Let me make this clear from the outset. I like learning things. I like digging into books and doing research. I mark up my books when I read them. I love my job as a university professor.
I admit, though, as a brand new full-time prof, that my reading list (made up of books I *need* to read, books I *want* to read, and books I *really should* read) seems to be growing by the day.
I’m staring at three books that are sitting on my desk right now. All are about how to be a good teacher. I want to read all of them. And I will. I’m starting on one today. After my workout. But not during the Alabama-Ole Miss game.
I need to read four books to prep for my Spring 2011 Feature Writing class. We’ll be reading some top examples from the “new journalism” era, and I need to get these works — and some of their critical reviews — digested. I’m gonna start that, too. Maybe tomorrow.
I need to reread the media history textbook I’ll use for my spring Media History class (all 500+ insanely-big pages of it) and get caught up on the new edition of my favorite historical methods book. Perhaps I’ll start that on Monday.
I just purchased two more books from Barnes & Noble that should be arriving on my doorstep any day now. One is a widely regarded and influential book about the four theories of the press. The other revises those ideas and creates new ones for the contemporary media scene. Perhaps I’ll start digging into those the following week.
Dang it! I forgot about the library books I checked out. And the book one of my faculty colleagues passed along for me to read. And I really should stop downloading free books onto my smart phone.
Do you see where I’m going with this?
It struck me this morning as I was hanging my laundry (No, I DON’T have a dryer. I’m green. And cheap.) that while this vast amount of information that comes my way every day — through my computer, my smart phone, TV, books, radio — has increased exponentially in speed and size, my ability to consume it has not kept pace.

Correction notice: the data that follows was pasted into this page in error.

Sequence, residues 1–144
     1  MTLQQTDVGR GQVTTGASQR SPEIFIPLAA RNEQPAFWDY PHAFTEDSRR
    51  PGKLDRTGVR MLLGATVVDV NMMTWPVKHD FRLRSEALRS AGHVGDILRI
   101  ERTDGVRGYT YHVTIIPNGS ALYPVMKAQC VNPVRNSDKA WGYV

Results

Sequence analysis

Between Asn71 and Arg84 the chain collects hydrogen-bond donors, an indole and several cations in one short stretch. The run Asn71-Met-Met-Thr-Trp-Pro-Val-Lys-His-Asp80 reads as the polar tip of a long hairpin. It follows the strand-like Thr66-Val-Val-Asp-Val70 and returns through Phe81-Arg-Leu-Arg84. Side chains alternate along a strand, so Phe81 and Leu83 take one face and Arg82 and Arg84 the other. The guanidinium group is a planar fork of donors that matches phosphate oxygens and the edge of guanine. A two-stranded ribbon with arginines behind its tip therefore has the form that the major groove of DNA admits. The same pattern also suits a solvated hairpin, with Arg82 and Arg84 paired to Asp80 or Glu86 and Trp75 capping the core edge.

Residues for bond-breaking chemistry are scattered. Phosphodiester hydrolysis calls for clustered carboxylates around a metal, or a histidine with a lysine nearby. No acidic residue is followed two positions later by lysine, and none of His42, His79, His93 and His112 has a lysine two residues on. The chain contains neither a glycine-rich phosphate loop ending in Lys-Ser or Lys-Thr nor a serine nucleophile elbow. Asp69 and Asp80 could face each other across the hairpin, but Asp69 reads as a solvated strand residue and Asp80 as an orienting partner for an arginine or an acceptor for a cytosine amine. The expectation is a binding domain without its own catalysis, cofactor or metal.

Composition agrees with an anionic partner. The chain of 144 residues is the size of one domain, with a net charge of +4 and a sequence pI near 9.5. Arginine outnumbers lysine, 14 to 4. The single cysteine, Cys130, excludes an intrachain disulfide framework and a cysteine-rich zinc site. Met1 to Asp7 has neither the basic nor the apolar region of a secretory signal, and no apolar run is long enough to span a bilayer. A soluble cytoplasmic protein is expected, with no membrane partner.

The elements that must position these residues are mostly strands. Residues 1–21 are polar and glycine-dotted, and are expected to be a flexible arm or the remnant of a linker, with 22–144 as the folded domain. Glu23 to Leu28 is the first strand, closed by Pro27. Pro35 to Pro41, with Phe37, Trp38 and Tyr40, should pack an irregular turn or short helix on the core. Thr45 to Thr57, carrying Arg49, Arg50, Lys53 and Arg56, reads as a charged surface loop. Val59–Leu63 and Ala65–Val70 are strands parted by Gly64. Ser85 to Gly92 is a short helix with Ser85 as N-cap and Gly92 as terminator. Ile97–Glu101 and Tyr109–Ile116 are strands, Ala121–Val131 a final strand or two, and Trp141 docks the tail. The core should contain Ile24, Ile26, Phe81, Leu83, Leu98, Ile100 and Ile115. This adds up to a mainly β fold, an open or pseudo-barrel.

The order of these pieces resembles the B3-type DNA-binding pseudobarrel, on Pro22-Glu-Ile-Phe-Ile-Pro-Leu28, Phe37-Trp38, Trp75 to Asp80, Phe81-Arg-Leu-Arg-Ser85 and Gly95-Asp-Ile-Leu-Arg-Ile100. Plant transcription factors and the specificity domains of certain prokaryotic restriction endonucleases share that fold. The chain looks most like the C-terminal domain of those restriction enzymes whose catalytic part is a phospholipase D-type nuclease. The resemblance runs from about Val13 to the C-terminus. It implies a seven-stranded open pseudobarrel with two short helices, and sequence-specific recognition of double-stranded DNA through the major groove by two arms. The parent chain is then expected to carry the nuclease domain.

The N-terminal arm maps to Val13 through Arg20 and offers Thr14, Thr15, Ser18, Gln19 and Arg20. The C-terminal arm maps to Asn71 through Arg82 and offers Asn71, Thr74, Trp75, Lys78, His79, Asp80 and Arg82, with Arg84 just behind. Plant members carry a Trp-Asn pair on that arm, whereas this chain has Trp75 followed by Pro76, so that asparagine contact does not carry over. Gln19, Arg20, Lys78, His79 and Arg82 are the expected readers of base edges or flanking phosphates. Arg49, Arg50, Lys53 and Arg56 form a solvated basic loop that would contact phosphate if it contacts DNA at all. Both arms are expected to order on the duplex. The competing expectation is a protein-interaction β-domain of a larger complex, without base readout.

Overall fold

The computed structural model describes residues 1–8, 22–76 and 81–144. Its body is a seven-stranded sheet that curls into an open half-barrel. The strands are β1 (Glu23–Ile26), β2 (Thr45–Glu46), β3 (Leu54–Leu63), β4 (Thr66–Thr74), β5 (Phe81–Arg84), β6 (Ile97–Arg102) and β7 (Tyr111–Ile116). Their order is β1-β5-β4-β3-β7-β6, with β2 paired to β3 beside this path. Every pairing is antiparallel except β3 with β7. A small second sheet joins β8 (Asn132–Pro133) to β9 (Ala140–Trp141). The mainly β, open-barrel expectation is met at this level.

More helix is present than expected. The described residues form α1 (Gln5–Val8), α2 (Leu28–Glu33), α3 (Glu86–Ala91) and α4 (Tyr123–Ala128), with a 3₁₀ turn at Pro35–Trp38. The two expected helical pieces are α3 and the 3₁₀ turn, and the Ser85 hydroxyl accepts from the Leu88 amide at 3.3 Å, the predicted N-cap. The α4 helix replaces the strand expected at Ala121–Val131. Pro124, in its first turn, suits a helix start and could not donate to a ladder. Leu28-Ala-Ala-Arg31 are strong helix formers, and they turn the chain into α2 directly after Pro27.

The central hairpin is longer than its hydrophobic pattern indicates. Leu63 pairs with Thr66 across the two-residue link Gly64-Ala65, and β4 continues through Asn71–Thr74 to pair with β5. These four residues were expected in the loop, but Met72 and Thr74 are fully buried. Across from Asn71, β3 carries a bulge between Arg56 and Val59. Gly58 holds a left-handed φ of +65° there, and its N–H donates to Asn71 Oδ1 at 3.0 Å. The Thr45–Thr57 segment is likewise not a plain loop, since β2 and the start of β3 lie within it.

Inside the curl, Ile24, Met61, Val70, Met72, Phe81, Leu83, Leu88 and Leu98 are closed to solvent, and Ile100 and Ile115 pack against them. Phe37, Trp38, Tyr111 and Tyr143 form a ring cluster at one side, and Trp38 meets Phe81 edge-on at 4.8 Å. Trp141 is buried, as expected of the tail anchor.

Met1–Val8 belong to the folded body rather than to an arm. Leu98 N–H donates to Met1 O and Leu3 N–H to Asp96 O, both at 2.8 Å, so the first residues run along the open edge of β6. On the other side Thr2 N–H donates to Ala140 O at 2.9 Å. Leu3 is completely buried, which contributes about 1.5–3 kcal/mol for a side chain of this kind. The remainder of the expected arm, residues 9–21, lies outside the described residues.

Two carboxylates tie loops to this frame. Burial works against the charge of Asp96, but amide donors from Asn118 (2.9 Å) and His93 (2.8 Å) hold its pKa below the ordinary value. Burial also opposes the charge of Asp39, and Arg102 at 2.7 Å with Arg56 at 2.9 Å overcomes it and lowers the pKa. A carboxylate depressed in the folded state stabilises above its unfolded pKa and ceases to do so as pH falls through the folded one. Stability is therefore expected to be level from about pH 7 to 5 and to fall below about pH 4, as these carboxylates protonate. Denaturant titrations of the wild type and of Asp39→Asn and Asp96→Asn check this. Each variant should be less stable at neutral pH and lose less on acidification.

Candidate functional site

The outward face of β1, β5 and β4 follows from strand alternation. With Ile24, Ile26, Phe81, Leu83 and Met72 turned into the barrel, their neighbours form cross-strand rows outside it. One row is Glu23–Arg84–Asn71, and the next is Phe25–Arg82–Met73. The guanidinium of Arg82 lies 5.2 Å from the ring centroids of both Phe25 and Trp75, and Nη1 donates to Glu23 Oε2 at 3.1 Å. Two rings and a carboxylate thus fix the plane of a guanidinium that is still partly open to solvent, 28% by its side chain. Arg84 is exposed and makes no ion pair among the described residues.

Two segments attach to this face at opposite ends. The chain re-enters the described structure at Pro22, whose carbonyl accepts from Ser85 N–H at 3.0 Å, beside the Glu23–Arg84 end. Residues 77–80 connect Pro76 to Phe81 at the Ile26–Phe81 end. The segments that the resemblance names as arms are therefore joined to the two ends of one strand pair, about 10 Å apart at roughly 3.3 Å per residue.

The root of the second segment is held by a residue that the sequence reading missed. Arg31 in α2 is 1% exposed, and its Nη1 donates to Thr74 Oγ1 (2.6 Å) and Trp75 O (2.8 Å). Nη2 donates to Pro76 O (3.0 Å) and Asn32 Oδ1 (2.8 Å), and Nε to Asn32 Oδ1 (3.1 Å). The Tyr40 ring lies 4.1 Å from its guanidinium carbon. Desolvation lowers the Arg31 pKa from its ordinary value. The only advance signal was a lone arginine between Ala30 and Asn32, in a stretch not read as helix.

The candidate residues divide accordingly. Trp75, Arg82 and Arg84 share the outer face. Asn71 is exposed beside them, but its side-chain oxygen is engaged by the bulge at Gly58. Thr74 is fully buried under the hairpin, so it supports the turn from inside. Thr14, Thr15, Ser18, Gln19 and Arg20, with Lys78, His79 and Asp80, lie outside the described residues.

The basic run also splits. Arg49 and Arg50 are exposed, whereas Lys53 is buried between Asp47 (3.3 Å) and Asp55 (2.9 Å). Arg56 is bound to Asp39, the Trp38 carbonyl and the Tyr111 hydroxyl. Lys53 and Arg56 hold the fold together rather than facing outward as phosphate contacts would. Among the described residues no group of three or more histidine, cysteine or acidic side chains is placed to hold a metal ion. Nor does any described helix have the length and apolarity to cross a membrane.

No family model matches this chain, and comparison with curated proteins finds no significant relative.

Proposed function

Sure, I have more experience now than I had when I graduated from high school. Right, I can add context to things. Yep, I know how to look for more insight when I need it. Uh huh, I’m much more critical of what I consume (thanks journalism and academia).
But I’m certain that I can’t actually read any faster than I could when I was in high school. It still may take me several days to get through a book, and that’s probably just for pleasure reading. It takes much longer to go through one if I’m trying to analyze it and make notes in the margins.
Perhaps that’s what’s most daunting about climbing Mt. Booklist. Concerning the things I need to be reading right now, I need to absorb them, critique them, consider them, and follow up on key points with more research.
This is going to take a ton of time and effort, and I like that challenge a lot. But I’m stalked by the feeling that, while I’m digging into one of these, four others will take their places at the end of the waiting list.
So, here’s my plan. I’m going to attempt to read 10 of these books by the end of November. I think later bedtimes and earlier wake times will be in order. Perhaps less football viewing (this does not apply to the Crimson Tide). Maybe I need to resurrect a little of my doctoral student strategy of “read what looks important and skim through the other stuff but not too fast because you don’t want to miss something important.”
For anyone who actually wants to keep up with this little endeavor of mine, I’ll provide the name of each book as I finish it and give a little feedback, too.
Wish me luck….